Melbourne journalist Mimi Kwa seemed to be living her best life - "in the suburbs, gorgeous kids... a cavoodle dog and a Burmese cat" - when she was sideswiped by her own father deciding to sue her in the Australian Supreme Court.
To deal with the pain she began to write, reflect on and eventually research her often-traumatic family history for the extraordinary memoir House of Kwa.
"To be in a legal battle with my own father when he was the man who painted my tricycle when I was a little girl… I was close to my dad and I couldn't understand why he would do that to me," she tells Kathryn Ryan.
Trying to understand how her father Francis became such a fighter and such a survivor was a necessary part of writing House of Kwa, Mimi says.
"I think about this little boy who was seven years old during the Japanese occupation of Hong Kong and really fighting for his life - having to scrounge for food, go to work in a factory for his ration of rice per day... that's just extraordinary."
To process the experience, Mimi started journalling. She had no intention of writing a book but as the story began to unfold on the page she soon realised it was quite remarkable.
Mimi suspects she found her love of storytelling and listening to other peoples stories at the youth hostel she grew up in (which happens to be the largest in the Southern Hemisphere).
She'd take magical trips to stay with her beloved Auntie Theresa - a flight attendant based in Hong Kong.
"In the 1950s being an air hostess was tantamount to being a Hollywood movie star. It was such a glamorous position."
Auntie Theresa gave Mimi respite from what was a difficult childhood in Australia, Mimi says.
Her parents (who have a 20-year age difference) met on a bushwalk in West Australia.
Francis tripped on a log and Mela Bryce (who was 19 at the time) helped him up.
Her mum Mela Bryce was suffering serious mental illness (schizophrenia would be diagnosed much later).
Francis Kwa - who has no less than 31 siblings - was born in China and moved to Hong Kong with his family shortly before the Japanese occupation.
When he migrated to Australia at the age of 20, he couldn't speak English particularly well, Mimi says.
He succeeded in forging a new life on his own and put himself through engineering school.
"It must have been incredibly frightening and that would have furthered the distillation of [his] fight and survival instincts."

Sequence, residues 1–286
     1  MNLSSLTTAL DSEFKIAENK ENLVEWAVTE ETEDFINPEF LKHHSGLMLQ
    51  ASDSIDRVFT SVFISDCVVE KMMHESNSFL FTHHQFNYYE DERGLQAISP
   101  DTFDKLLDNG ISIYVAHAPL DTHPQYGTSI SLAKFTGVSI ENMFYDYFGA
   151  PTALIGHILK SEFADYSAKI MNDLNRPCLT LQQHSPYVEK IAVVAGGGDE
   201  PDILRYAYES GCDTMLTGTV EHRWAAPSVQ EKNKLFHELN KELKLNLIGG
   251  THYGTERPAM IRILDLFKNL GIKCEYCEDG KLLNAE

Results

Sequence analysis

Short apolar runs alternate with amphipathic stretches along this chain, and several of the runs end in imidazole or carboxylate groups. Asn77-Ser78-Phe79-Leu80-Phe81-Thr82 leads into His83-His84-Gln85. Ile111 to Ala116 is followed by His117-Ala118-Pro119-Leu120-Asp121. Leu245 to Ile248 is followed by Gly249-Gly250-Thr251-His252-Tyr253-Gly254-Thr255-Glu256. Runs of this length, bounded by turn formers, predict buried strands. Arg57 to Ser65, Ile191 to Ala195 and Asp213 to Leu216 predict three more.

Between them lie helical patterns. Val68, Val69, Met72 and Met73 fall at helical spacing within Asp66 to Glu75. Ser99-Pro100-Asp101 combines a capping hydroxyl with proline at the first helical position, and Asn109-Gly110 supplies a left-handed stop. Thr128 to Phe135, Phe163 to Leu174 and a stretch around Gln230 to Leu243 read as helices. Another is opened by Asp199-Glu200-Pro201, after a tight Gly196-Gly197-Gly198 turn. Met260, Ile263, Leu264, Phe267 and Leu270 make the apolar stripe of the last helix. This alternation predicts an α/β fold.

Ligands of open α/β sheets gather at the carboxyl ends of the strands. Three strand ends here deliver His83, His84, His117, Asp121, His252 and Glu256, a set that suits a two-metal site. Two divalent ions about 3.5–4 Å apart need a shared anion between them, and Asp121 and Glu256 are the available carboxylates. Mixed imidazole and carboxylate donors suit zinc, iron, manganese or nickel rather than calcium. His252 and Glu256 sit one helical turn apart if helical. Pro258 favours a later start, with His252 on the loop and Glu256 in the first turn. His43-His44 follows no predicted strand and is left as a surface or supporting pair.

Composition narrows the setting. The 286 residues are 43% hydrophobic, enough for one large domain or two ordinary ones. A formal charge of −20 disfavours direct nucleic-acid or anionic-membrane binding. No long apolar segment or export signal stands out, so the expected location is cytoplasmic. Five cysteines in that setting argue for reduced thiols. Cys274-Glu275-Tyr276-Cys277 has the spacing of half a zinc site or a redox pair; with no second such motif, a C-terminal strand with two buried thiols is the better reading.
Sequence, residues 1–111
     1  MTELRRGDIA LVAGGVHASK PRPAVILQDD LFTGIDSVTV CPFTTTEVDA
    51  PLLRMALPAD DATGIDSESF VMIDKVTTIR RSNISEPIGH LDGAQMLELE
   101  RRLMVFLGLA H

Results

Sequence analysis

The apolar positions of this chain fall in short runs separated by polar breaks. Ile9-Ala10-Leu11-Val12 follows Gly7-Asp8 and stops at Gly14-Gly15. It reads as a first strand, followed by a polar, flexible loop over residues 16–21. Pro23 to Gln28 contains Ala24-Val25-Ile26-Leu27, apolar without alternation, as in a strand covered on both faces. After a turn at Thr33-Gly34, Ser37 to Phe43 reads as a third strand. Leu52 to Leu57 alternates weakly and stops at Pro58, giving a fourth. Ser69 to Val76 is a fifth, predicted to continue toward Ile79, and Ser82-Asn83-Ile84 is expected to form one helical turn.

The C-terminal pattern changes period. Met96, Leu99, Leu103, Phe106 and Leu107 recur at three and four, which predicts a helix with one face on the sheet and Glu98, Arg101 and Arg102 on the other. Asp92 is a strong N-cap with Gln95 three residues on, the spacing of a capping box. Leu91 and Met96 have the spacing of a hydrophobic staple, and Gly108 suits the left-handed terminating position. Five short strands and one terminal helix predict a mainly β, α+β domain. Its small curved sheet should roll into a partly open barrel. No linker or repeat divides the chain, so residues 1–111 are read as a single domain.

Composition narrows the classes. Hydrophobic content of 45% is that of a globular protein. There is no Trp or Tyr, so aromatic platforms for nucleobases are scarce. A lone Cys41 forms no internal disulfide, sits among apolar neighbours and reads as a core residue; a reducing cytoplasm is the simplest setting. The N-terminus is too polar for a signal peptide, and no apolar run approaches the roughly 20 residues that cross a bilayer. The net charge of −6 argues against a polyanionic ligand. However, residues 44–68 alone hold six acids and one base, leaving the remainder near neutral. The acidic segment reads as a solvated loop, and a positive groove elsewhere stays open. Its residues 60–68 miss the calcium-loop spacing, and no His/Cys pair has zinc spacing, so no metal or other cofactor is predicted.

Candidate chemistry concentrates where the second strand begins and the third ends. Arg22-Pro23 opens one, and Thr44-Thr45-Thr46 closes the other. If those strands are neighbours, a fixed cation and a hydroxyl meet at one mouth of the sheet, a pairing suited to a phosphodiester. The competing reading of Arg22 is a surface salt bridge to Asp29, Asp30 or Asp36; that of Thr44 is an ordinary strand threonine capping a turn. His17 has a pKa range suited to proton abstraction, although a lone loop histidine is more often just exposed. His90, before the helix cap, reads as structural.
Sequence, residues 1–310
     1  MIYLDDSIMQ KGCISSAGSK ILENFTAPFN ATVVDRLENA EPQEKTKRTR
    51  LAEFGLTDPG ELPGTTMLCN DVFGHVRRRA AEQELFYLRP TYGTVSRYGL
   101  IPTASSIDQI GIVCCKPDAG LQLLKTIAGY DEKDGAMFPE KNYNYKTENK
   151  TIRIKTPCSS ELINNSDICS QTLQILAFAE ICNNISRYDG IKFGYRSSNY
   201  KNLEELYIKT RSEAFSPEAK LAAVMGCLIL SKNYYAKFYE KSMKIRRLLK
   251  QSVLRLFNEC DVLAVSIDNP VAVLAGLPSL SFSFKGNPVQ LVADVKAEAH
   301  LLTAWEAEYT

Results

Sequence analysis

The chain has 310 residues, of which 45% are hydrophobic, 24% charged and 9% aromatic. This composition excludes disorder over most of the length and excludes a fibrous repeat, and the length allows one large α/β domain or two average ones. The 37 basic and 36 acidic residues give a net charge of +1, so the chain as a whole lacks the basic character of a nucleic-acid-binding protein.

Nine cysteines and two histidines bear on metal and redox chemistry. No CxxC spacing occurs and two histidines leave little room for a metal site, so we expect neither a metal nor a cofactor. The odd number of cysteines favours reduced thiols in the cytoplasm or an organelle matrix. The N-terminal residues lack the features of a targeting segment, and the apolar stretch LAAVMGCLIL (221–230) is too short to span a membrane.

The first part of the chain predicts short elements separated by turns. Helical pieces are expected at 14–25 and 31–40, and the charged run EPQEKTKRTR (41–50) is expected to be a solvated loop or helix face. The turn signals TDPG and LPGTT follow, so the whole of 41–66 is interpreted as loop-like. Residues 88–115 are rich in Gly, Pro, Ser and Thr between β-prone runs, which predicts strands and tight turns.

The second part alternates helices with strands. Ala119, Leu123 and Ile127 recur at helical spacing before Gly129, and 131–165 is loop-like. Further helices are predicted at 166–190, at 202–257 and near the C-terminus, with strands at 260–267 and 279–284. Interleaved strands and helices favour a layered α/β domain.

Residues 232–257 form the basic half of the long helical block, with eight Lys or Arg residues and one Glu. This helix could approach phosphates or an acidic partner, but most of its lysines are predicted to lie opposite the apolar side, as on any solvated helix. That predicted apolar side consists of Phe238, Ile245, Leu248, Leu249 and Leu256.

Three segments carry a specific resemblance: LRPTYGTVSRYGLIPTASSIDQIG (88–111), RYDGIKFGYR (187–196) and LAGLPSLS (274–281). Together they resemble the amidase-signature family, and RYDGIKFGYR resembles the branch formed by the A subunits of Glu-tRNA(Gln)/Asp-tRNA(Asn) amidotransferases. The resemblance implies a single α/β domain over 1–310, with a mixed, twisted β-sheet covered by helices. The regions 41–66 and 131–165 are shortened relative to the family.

Yet Francis always regarded himself as a misfit.
Mimi says she didn't really notice that suing people and participating in court cases was normalised when she was a kid - because that's what her father was always up to.
"That's just part of who he is and it's almost a hobby for him so when he sued me it actually wasn't personal … It felt so personal having my own father take me to court but to him, it was just another case.
"I have so much love and compassion for my father… even in the current day when we don't see eye to eye… I just always think of that little boy now. And it allows me to go deeper into our relationship and to listen more and be less inclined to be defensive [and] jump in before I've heard the whole story."
Revisiting and confronting her own personal history was the most traumatic part of writing House of Kwa, she says.
"I would highly recommend anyone who has encountered any sort of childhood trauma and do go down the road of trying to revisit it and trying to heal, I'd highly recommend getting the support that you need to do that because it is very very difficult."
Before writing House of Kwa, Mimi says her life looked great from the outside and she didn't know she needed to face the past.
"I was ticking all the boxes but there was something bubbling underneath… It actually sounds crazy to say this but I'm really grateful that my dad took me to court because it allowed me to go through this process of excavation of the past and healing."
Mimi's mother now lives with Mimi, her husband, their four kids, and the cavoodle dog and Burmese cat.
"I suppose I just choose love over fear and I choose to do the best that I can with my family...With my mother and my father, it's their choice on how they respond to that. When I approach with love they've always responded with love… in the end."
Mimi says she's lucky to now have a truly "beautiful life".
"And it's made all the more beautiful by having the education and therefore the opportunity to go back and write about [my earlier] life so I can really come to a full circle of healing, which I hadn't reached before writing this book."